Peroneus tertius: An inappropriate muscle for electromyographic studies of axonal polyneuropathy
Department of Physical Medicine and Rehabilitation, Faculty of Medicine, Isfahan University of Medical Sciences, Isfahan, Iran
|Date of Web Publication||28-May-2014|
Dr. Farnaz Dehghan
Department of Physical Medicine and Rehabilitation, Faculty of Medicine, Isfahan University of Medical Sciences, Sofeh Street, Isfahan
Source of Support: None, Conflict of Interest: None
|How to cite this article:|
Dehghan F. Peroneus tertius: An inappropriate muscle for electromyographic studies of axonal polyneuropathy. Adv Biomed Res 2014;3:130
I read with great interest the article "assessment of electromyographic findings in peroneus tertius (PT), tibialis posterior, and dorsal interoseous pedis muscles in patients with axonal polyneuropathy (APN)" written by Dr. Ghasemi et al.  in a recent issue of Advanced Biomedical Research journal.
It was concluded the usefulness of PT muscle against tibialis posterior and dorsal interoseous pedis muscles for electromyograghic studies in patients with APN. It was due to the higher frequency of polyphasic motor unit action potentials, the higher frequency of fibrillation potentials, and finally, the ability of all patients in activation of PT voluntarily. A stronger tendency toward the use of PT as the muscle of choice in electromyographic study of APN patients was concluded.
The PT is a part of the anterior leg region and is considered as a derivation of the extensor digitorum longus (EDL) muscle,  even called as the fifth tendon of this muscle.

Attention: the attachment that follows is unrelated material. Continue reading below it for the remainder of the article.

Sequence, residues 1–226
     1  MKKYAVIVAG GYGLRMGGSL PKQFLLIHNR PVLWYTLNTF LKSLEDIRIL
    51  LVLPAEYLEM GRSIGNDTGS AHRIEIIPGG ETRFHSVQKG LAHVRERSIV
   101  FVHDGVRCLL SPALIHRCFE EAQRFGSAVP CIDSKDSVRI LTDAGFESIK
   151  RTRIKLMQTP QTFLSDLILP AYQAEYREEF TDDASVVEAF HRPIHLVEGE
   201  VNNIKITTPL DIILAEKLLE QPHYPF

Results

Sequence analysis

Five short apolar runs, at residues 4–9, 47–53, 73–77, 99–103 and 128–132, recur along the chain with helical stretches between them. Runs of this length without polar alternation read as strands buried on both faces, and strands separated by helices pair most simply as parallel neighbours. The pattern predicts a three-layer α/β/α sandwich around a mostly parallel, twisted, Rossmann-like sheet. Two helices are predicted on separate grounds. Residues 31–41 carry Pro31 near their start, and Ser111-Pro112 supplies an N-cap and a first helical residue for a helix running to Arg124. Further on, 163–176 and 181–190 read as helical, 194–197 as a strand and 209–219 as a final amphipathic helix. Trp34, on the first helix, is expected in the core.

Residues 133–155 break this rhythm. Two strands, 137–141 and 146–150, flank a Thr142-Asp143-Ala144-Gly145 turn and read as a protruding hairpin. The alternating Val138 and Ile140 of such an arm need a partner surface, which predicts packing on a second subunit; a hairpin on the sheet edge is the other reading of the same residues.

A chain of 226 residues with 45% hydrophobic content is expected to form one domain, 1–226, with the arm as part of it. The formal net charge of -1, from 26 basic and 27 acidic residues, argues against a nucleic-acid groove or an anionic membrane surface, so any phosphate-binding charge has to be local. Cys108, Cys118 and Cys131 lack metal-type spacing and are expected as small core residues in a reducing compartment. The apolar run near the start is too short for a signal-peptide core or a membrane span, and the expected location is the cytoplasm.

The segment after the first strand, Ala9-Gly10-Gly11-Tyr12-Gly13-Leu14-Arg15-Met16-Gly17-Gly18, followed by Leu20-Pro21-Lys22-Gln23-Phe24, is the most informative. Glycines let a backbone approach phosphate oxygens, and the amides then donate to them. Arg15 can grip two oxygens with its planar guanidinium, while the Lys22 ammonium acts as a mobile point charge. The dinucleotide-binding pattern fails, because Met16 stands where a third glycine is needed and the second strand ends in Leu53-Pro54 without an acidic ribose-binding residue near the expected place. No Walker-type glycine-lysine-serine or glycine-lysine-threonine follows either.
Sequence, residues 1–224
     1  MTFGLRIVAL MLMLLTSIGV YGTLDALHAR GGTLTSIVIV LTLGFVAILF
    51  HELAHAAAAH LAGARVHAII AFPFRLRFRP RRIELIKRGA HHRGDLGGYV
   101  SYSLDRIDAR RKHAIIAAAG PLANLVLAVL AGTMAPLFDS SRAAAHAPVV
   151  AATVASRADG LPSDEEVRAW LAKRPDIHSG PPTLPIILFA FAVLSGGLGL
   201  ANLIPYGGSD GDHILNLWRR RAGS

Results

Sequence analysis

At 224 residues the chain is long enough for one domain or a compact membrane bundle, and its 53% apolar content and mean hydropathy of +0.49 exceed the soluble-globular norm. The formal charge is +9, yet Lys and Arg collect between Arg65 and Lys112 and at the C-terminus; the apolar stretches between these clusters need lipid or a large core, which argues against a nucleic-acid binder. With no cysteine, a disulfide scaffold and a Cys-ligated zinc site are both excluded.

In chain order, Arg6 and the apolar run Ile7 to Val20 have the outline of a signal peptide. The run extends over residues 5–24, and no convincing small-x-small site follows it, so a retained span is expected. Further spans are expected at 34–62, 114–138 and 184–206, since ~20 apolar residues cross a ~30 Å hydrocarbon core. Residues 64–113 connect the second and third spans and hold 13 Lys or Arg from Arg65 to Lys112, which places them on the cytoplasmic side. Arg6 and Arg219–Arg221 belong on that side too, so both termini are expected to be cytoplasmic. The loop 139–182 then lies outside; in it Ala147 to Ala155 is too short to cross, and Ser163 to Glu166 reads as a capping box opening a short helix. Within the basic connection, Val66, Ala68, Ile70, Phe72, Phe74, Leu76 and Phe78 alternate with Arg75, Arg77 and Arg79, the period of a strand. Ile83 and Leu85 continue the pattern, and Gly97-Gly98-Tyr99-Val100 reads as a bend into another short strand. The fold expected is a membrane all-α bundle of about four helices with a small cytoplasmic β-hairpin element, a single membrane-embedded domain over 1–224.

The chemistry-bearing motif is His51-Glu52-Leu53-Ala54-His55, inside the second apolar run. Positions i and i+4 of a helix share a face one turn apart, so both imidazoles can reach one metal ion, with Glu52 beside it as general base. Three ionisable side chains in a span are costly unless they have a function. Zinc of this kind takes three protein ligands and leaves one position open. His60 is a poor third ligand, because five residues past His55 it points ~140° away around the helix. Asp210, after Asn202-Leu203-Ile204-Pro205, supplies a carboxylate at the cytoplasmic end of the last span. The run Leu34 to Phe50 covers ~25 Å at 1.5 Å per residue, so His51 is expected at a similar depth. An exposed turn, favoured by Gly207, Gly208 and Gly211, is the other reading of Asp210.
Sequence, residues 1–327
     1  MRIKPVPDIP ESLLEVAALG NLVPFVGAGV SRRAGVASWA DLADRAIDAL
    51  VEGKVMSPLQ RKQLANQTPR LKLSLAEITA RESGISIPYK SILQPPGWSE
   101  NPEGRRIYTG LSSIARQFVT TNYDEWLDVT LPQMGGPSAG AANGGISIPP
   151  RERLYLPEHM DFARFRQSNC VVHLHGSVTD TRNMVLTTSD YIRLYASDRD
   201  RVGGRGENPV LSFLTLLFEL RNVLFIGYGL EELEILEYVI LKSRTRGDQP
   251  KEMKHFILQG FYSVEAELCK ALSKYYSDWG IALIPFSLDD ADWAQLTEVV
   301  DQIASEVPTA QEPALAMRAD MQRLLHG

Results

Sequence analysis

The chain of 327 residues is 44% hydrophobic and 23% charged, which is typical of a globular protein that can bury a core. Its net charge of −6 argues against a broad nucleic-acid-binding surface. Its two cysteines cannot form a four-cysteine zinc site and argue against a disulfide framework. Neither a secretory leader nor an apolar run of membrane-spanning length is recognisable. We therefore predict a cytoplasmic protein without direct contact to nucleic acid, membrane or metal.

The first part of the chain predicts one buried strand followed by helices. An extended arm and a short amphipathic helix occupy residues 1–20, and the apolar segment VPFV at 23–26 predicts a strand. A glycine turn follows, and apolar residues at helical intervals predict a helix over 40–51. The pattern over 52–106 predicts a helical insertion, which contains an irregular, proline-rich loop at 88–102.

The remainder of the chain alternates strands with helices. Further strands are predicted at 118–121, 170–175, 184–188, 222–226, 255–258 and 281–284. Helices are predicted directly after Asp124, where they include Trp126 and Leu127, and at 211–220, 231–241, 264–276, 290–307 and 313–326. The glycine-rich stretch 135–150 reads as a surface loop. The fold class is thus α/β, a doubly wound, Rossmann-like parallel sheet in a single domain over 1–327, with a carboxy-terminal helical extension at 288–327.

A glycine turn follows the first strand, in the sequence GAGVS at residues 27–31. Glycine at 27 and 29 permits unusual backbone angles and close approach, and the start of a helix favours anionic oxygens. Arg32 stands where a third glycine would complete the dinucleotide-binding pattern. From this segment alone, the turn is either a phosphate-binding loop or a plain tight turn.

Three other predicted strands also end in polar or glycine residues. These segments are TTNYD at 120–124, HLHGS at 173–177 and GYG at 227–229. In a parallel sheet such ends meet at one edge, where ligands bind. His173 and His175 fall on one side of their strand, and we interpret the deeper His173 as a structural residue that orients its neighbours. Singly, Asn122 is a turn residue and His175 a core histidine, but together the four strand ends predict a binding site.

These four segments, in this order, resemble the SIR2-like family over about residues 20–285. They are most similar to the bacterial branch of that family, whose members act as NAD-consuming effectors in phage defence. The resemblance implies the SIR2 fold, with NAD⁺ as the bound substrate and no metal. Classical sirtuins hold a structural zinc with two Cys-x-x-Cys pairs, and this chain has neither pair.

Indeed PT is a muscle with great variation as reported in different studies. A recent study performed in chile reported only a prevalence of PT in 49.11% of 168 individuals.  Another study, which was carried out between 110 subjects, which found PT in 89.55% of subjects. 
The test maneuver for recruiting PT is dorsiflexion along with eversion. Placing the needle too medially may insert it to extensor halluces longus muscle and placing it too proximally may insert the needle to tibialis anterior or EDL muscles. All of these muscles may recruit with ankle dorsiflexion. In this study, the proper method for inserting the needle to enhance the accuracy and recruiting the right muscle did not mention.
In addition, according to its normal variation, it may be better to evaluate another appropriate muscle other than PT for diagnosis of APN. Because, its absence in some individuals may just disturb them by trying to find the muscle!
| References|| |
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